In this edition of NUFC Hotspot Opinions we give our views on the prospect of Jose Mourinho one day sitting in the NUFC managerial hotseat. Of course, any prospect of this occurring depends entirely on the outcome of the takeover, but even with financial backing would the Portuguese manager be a good fit at St James’ Park?
In the modern era of football, lots of clubs have lots of money. The recent emergence of both PSG and Manchester City show how quickly a club can become a powerhouse in world football. If Newcastle were to follow this path, we would have one particular, daunting advantage. A club with history.
Sir Bobby Robson holds a special spot in the history of Newcastle United, managing the club from 1999-2004, and would add an incentive for Mourinho to continue this legacy.
Jose Mourinho shared a special relationship with Sir Bobby, predominately at the beginning of his managerial career. The pair worked closely throughout their spells in Portugal, with Mourinho first working as a translator for Robson at Sporting Lisbon.
The pair then completed a move to Porto, where Mourinho gained a larger influence on the tactics of the team. The pair complimented each others style, with Robson favouring an attacking style while possessing an overriding ability to man-manage every type of personality found in a footballer.
Jose on the other hand was more involved with the defensive structure, while focusing on research and analysis.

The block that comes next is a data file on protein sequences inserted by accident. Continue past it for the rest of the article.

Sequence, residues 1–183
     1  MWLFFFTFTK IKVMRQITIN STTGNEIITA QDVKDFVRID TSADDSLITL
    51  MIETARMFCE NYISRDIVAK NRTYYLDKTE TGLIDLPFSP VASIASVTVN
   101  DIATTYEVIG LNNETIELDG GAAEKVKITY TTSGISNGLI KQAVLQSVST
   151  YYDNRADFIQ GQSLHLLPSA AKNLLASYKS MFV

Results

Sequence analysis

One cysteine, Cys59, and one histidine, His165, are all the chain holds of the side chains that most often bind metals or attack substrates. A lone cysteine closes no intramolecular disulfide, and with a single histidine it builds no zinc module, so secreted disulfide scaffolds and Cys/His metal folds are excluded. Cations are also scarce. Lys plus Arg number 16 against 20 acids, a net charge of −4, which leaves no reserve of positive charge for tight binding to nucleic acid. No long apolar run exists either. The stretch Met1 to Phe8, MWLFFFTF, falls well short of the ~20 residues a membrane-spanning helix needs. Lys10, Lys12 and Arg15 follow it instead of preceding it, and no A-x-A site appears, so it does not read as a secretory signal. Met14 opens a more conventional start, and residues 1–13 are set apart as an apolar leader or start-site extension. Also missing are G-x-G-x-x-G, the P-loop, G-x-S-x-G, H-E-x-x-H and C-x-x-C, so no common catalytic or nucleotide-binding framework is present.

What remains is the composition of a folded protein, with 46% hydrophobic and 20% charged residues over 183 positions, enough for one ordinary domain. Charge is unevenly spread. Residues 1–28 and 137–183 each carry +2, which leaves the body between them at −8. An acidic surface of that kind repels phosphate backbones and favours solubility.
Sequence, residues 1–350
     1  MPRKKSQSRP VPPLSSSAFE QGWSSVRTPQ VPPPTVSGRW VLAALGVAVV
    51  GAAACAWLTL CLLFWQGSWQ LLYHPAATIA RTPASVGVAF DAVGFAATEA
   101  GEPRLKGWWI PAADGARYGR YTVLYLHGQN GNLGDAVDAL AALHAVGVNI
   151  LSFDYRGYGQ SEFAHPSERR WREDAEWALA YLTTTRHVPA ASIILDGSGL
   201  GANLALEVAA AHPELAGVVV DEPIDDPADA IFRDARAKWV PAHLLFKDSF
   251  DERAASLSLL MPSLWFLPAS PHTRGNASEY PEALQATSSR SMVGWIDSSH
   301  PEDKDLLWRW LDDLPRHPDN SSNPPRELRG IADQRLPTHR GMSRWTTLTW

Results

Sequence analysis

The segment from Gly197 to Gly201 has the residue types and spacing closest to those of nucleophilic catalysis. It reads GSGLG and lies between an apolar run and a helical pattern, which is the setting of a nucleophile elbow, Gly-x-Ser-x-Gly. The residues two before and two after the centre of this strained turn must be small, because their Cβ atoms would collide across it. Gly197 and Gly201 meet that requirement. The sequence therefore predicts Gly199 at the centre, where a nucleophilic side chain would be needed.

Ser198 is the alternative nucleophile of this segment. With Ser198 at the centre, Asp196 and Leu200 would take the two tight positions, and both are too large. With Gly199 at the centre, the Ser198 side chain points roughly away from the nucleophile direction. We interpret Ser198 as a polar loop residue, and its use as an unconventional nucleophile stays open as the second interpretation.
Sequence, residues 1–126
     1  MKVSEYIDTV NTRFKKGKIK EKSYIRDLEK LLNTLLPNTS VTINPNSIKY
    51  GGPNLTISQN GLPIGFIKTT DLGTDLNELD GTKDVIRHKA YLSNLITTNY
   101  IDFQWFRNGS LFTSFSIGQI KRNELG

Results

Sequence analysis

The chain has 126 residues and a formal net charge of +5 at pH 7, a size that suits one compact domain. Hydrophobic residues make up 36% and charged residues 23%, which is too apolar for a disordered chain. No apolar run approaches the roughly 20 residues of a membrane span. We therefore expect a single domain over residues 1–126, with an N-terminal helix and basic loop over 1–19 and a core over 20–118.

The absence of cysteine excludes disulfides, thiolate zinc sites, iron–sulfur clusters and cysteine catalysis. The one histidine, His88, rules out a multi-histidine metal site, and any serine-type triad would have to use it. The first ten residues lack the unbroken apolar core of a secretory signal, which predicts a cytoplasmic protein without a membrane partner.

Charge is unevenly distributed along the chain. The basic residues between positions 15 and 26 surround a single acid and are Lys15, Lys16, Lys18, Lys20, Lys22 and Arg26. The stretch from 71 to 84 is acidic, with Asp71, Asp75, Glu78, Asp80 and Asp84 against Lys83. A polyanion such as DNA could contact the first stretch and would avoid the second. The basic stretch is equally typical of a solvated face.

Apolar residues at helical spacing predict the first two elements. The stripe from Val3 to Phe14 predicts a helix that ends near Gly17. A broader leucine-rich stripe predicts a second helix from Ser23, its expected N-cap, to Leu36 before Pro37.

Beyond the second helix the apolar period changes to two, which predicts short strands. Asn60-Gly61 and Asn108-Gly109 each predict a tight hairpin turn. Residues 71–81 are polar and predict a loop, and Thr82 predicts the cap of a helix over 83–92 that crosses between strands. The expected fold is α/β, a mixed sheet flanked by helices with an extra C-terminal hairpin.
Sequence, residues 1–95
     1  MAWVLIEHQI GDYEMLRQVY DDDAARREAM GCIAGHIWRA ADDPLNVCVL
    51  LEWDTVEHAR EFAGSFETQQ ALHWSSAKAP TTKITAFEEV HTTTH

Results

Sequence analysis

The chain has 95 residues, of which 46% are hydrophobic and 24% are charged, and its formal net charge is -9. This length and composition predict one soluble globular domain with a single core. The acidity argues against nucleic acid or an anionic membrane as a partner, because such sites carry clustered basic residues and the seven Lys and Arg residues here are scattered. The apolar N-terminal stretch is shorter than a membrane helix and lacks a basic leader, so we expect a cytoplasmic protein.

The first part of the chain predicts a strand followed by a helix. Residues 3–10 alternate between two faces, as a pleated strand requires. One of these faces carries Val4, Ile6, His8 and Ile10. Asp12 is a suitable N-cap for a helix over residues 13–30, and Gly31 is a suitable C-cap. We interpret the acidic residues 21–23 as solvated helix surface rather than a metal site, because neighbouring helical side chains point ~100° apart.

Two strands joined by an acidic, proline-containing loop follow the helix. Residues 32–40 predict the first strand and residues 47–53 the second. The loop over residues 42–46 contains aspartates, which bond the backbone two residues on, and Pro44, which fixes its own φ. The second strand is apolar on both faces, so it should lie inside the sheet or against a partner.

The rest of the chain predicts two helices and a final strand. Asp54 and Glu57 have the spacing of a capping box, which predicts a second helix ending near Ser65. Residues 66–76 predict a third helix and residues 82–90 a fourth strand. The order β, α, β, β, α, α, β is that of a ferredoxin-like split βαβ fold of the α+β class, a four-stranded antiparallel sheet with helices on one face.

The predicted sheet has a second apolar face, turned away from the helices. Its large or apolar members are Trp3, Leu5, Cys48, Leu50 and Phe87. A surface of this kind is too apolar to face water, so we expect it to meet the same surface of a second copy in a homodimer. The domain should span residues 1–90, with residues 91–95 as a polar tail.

The pair then worked together at Barcelona, as they created memorable moments picking up a multitude of trophies.
Sir Bobby also attempted to lure Mourinho to Newcastle United just weeks after Jose assumed the role as first team manager at Benfica. It is claimed that Robson offered to hand over the reins of the club to Mourinho after 2 years, however Mourinho rejected the offer, claiming Robson would never step down at a club he loved.
Amassing over 30 trophies throughout his managerial career there is no surprise that Jose Mourinho is regarded as a serial winner among the footballing world.
The collection of trophies began during his spell with Porto. When first appointed in January 2002, he took over a struggling team in fifth place before putting together an impressive run of 11 wins in his first 15 games to secure a third place finish. He promised that Porto would be champions the following year, an early bold claim.
He then delivered on this promise the following season, lifting the Primieria Liga while suffering just 2 league defeats across the entire campaign.
The season of 2003/04 was the true announcement of Jose Mourinho to the footballing world. Making easy work of the Portuguese league as Porto wrapped up the league title with 5 weeks of the season remaining, the focus was swiftly diverted to the UEFA Champions League.
Drawn in a group containing Real Madrid, Marseille, and Partizan, the Portuguese side progressed in second place. The subsequent draw proposed a tie with Manchester United in the First Knockout Round.